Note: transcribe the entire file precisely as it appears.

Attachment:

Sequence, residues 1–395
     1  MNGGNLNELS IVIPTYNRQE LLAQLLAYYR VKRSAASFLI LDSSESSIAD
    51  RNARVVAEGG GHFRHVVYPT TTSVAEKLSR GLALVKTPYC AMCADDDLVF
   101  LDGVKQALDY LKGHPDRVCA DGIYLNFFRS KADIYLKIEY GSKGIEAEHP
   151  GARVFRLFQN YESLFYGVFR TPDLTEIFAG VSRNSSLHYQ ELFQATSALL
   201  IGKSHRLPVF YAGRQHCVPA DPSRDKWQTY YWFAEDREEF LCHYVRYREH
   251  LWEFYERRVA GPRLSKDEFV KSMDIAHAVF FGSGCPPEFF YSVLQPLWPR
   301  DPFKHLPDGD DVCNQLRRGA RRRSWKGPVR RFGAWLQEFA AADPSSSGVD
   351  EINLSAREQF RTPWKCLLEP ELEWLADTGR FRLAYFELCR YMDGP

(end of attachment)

Sequence, residues 1–395
     1  MNGGNLNELS IVIPTYNRQE LLAQLLAYYR VKRSAASFLI LDSSESSIAD
    51  RNARVVAEGG GHFRHVVYPT TTSVAEKLSR GLALVKTPYC AMCADDDLVF
   101  LDGVKQALDY LKGHPDRVCA DGIYLNFFRS KADIYLKIEY GSKGIEAEHP
   151  GARVFRLFQN YESLFYGVFR TPDLTEIFAG VSRNSSLHYQ ELFQATSALL
   201  IGKSHRLPVF YAGRQHCVPA DPSRDKWQTY YWFAEDREEF LCHYVRYREH
   251  LWEFYERRVA GPRLSKDEFV KSMDIAHAVF FGSGCPPEFF YSVLQPLWPR
   301  DPFKHLPDGD DVCNQLRRGA RRRSWKGPVR RFGAWLQEFA AADPSSSGVD
   351  EINLSAREQF RTPWKCLLEP ELEWLADTGR FRLAYFELCR YMDGP